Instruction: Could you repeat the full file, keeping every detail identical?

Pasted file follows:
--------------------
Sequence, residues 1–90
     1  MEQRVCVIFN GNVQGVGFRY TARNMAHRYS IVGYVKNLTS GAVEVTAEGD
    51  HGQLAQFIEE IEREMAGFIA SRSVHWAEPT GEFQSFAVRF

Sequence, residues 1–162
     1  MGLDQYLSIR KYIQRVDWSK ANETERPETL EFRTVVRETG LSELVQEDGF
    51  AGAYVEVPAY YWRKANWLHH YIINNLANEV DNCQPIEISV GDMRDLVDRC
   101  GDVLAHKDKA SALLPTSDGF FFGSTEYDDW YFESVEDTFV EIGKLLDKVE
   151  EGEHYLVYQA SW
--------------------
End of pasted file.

Sequence, residues 1–90
     1  MEQRVCVIFN GNVQGVGFRY TARNMAHRYS IVGYVKNLTS GAVEVTAEGD
    51  HGQLAQFIEE IEREMAGFIA SRSVHWAEPT GEFQSFAVRF

Sequence, residues 1–162
     1  MGLDQYLSIR KYIQRVDWSK ANETERPETL EFRTVVRETG LSELVQEDGF
    51  AGAYVEVPAY YWRKANWLHH YIINNLANEV DNCQPIEISV GDMRDLVDRC
   101  GDVLAHKDKA SALLPTSDGF FFGSTEYDDW YFESVEDTFV EIGKLLDKVE
   151  EGEHYLVYQA SW